Another glorious day without Revit!
It's inconceivable now, after the last few months of stress-free productivity and profitability, that I put up with Revit (and it's army of dickless retards) for as long as I did. Looking back, my only regret is that I didn't simply tell them to go fuck themselves from day one, and refuse to relent.
It took inconceivable amounts of effort to not go the immature route and simply sabotage Revit at every given opportunity in order to make even the most ardent supporters start to realize that it was unsustainable - fortunately Revit was good at sabotaging itself (unfortunately it's supporters were capable of seemingly infinite amounts of Revit apologetics).
Every second I spent in Revit could have been better used on literally any other task imaginable - but even then I would have still had to have been perpetually opening up models to export whatever screwed up nonsense some Architect wanna-be had come up with.
At my current job, I see projects that were done by a variety of architectual and engineering firms - including my previous employer. One of the first projects that came across my desk here was one that I had done the electrical design for - and unknowingly sent to myself 2 months in the future (it was a bizarre feeling, and will probably happen again and again over the next year or so).
It's amusing to see how badly other firms (and even some people from within my old firm) screw up their designs. It was an apartment complex that finally broke the camels back at my old job - with Reviteers fucking up the design so bad that I had to take it upon myself to force communication between the Architect, Project 'Manager' (using that term in the loosest possible sense), the 'modeler' (who wasn't involved in the initial kickoff), and the Revit 'Guru' (read: guy who had helped set up the clusterfuck process).
I mentioned that Revit never addressed (at least not out of box - and I didn't have the time nor the desire to figure out a process) to do projects with 'typical units'. The architects/reviteers had decided to find 'typical units' within their overall buildings and detail them out. This resulted in a mess of 'typical - but not really' units - none of which were actually designed correctly.
The first Apartment Complex I ran across here was probably done in Revit (I can usually tell when every circle in their drawing is made up of two half-circles because apparently Revit can't comprehend circles), and (at least this portion) had been detailed throughout the entire building, rather than typical units - but even then, there were major issues.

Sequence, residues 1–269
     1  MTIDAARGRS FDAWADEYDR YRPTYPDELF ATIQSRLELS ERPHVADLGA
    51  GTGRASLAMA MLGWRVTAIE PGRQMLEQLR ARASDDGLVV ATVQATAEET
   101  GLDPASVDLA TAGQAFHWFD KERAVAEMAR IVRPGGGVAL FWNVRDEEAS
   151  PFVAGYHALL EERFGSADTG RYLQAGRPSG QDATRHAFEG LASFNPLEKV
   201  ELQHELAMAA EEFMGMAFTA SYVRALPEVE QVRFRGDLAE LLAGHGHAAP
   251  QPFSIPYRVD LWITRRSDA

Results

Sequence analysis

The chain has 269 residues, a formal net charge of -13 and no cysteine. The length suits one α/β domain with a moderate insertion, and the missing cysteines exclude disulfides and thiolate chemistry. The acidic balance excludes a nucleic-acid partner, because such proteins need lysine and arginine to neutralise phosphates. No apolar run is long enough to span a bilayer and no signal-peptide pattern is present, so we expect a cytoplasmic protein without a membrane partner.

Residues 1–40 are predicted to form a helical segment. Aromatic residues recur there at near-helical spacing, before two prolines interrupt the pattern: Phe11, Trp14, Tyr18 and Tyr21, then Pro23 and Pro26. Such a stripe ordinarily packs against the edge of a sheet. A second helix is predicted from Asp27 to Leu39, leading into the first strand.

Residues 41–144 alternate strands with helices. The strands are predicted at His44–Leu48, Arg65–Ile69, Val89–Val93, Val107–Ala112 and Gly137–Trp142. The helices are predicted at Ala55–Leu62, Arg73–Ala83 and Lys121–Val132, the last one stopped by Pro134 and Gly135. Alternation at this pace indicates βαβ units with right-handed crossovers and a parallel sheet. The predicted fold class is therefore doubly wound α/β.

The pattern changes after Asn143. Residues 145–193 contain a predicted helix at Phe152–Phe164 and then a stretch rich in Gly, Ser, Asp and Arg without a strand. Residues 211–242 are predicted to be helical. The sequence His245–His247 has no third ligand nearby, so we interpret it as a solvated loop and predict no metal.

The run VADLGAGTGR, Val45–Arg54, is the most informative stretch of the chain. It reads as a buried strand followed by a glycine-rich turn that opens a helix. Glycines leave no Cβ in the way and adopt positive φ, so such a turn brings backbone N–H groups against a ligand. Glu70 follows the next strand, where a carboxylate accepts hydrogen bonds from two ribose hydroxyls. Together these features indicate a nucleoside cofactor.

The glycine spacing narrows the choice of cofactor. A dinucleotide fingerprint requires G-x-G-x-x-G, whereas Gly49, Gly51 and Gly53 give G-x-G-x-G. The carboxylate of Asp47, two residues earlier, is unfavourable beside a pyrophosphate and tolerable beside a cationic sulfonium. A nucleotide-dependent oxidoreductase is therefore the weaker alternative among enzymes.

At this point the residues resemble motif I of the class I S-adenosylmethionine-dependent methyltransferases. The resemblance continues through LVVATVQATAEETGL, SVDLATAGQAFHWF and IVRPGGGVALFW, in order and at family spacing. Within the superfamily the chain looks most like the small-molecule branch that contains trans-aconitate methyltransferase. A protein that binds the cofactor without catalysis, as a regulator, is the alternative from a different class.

Now, at this job, I do have to detail out the entire building (but I'm not doing all of the power/lighting/etc. and the systems I am working on now make more sense to do building wide instead of trying to do typical units).
Within a few minutes of working on it, I start to notice that they have left off a considerable amount of necessary equipment from the units. This job is kind of bizarre, because I'm used to fixing any mistakes I find (whether they are mine, or someone elses), but now I leave it exactly the way it is, make note of it, and after the design gets rejected, we get paid additional money to fix the mistakes.
In this case, simply leaving off the copious amount of shit missing from the drawings would have resulted in a massive amount of work on the tail end (the project was almost immediately rejected by the AHJ after submission), so I not only took note of how much equipment was missing, I also sized everything in my systems based on a correct design, so when I come back, I simply plug in the missing equipment, and nothing gets overloaded.
My attention to detail, and relentless approach to completing projects on-time (typically early), accurately, and communicating with all necessary parties has already gotten me noticed at my new firm. It's those kinds of things that were being overlooked before, because everyone was so hung up on Reviting their dicks off - someone could be a complete incompetent dipshit, but as long as they were toeing the Revit line, they were rewarded.
They could drag a project out far beyond the deadline, duplicate effort, decimate the client's budget, burn all profit, design an un-buildable and/or un-permittable building, necessitate countless revisions, waste other discipline's time - and then all sit around sucking each other's dicks because 'Lookit - We Revited Something'.
As dickless fuckstick 'Wayne' said (before I deleted his comment) - 'Good riddance to bad rubbish'. I actually agree wholeheartedly - good riddance to Revit, and the idiots that make Revit a reality. Fuck them, fuck their mothers, fuck their mother's mothers - and (as always) fuck Autodesk for shitting on the design community.
(P.S. - I'll check in from time to time, if anyone sees any new/existing Revit bullshit they would like me to rant about - feel free to post a comment).